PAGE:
How to plot from aerial photographs onto maps

Sketch plotting

This method needs a good eye to work out the scale of the photograph to match it to the scale of the map you want to plot onto. This method should be used to plot onto maps at 1:10,000 scale that can be printed off from the Unlocking Buckinghamshire’s Past website.


With this method, you have to look at the field boundaries around the archaeological feature you have noticed on your aerial photograph. Line up the field boundaries on your photograph with those on the map. Fields are usually very distinctive. Any other features can be used to guide your plot, like roads, pathways, electricity pylons and houses.


When you think you know where your archaeological feature is on the map, think about what size your features are in relation to the size of the field and any other features on your photograph. When you are happy with the size of your feature, plot it on your map!

Network plotting

This method gives more accurate results. You can plot onto maps at smaller scales, such as 1:5,000. It consists of drawing lines onto the map and the photograph between corners of the field. These lines have to cross the features you want to plot at some point.


When you have matched the field boundaries on the aerial photograph with those on a map, as in the first step in sketch plotting, selotape some acetate paper onto the photograph (you don’t want to draw directly onto the photograph). Draw three or four lines with a ruler between distinctive features onto your map, such as between the corners of the field you want to plot onto, or between an electricity pylon and where a pathway enters the field and so on. Try to pick these lines so that they cross the features you can see on the aerial photograph. Measure the length of your line. Convert this to the length it represents on your map. Write these on a separate piece of paper. For instance, a three centimetre line may represent 300 metres.


Once you have drawn the lines on the map, draw the same lines onto the acetate over your aerial photograph. Because the aerial photograph has been taken at an angle rather than vertically, the lines will probably be shorter. Write the lengths of each corresponding line on your sheet of paper. For instance, if the three centimetre line is only two centimetres on your aerial photograph, write that down. This will act as a guide to help you remember the scale.


The next step is to measure the line on your aerial photograph between one of your distinctive features to where it crosses the archaeological feature you can see. If it is one centimetre, for instance, then that corresponds to 1.5 cm on the map (because 1 is half of 2, 1.5 is half of 3). This also means that, on the ground, the feature is 150m along your line. For more complicated measurements here is the formula:


Work out the percentage of the measurement along the line on the photograph. For instance, if the whole line is 2 cm and the measurement to the archaeological feature is 1cm, then divide 1 by 2. If you do this on a calculator you get 0.5. This means 50% (always move the decimal point two places to the right to convert decimals to percentages). Next, divide the measurement of the whole of the same line on your map by 100. So if the line on the map is 3 cm long, divide it by 100 and you get 0.03 cm (this is 1% of the line). Multiply this by the percentage you worked out before, in this case 50, and you get 1.5 cm. Mark this on your map. You need to take the measurements wherever your lines cross the archaeological features and convert the length until you have a number of points marked on your map.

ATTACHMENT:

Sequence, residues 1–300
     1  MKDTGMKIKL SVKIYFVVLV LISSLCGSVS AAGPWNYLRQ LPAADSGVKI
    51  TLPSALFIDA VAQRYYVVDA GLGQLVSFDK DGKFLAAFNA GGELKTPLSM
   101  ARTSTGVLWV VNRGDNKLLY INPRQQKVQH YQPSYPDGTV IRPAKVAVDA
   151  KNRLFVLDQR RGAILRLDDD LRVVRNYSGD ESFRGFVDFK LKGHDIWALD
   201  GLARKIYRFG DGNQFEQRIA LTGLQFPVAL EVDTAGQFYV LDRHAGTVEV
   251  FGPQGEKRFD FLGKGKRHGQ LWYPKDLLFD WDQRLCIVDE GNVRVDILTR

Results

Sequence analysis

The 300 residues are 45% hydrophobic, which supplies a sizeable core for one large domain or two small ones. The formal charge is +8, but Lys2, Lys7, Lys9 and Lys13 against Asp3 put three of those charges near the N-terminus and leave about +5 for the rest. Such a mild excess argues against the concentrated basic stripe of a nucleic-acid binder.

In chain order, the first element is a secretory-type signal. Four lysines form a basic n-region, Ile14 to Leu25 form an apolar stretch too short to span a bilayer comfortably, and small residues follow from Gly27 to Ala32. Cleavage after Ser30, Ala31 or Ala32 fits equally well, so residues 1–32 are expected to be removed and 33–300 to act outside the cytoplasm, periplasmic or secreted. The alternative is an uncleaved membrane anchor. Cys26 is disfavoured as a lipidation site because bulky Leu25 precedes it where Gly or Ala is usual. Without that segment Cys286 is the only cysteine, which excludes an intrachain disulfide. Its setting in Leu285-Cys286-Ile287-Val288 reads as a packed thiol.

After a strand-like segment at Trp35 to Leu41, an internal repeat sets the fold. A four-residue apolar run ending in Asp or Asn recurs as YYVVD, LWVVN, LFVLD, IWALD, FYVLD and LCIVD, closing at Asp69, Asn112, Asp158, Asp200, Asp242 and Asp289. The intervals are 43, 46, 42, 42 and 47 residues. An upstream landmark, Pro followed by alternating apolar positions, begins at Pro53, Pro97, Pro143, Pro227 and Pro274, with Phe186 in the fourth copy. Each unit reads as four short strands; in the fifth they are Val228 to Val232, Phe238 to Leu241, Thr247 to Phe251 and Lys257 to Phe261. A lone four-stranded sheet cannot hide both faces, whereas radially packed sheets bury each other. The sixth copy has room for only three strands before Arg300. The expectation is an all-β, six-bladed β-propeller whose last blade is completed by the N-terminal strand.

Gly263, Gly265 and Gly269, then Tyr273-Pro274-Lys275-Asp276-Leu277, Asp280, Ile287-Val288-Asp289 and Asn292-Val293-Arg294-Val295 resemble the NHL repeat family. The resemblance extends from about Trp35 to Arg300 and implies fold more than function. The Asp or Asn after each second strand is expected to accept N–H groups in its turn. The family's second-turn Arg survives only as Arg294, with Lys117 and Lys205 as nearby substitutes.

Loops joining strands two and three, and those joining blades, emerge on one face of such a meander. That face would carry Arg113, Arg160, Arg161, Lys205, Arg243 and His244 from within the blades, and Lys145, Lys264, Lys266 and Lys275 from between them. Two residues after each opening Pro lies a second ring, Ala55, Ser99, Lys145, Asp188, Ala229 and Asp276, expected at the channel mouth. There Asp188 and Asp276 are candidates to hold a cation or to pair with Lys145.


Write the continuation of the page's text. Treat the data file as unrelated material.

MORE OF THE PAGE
Print off the next two pictures as large as possible. One is an aerial photograph of Cheddington Hillfort with four lines of different colours on it. The other is the map of the same area with the corresponding lines. You will first notice that the photograph was taken from the north looking south but the map, of course, has north at the top.


Cheddington hillfort

Please contact the County Archaeological Service for the modern map of the Cheddington hillfort area.


Measure each line on both the aerial photograph and the map. Write the measurements here.


Aerial photograph (cm)

Map (cm)             













Now take measurements of each of the following segments of line:

Blue (cm)

Red (cm)

Green (cm)

Yellow (cm)

a =

d =

g =

j =

b =

e =

h =

k =

c =

f =

i =

l =

Divide a, b and c by the complete length of the blue line; divide d, e and f by the complete length of the red line and so on. Write down in this table below the result you get to the accuracy of two decimal places and convert it to a percentage by moving the decimal point two places to the right.


Result to 2 decimal places


a ÷ blue line



b ÷ blue line



c ÷ blue line



d ÷ red line



e ÷ red line



f ÷ red line



g ÷ green line



h ÷ green line



i ÷ green line



j ÷ yellow line



k ÷ yellow line



l ÷ yellow line



Before you go any further, it is useful to know how long 1% of each line on the map is, as you will have to multiply it by all the results from the table above. To get the length of 1% of your line simply divide the length of the line by 100. Put the result to the accuracy of two decimal places in the column on the right.

Map line length

Length of 1% of the line









Now you are ready to work out where to start putting your marks on the map. Multiply the percentage of each segment by the length of 1% of the line on the map:



1% of line on map

Length of segment on map

















































Now you are ready to start marking points. Mark out the segments on the lines on the map. When you have the points marked, you can join the dots!


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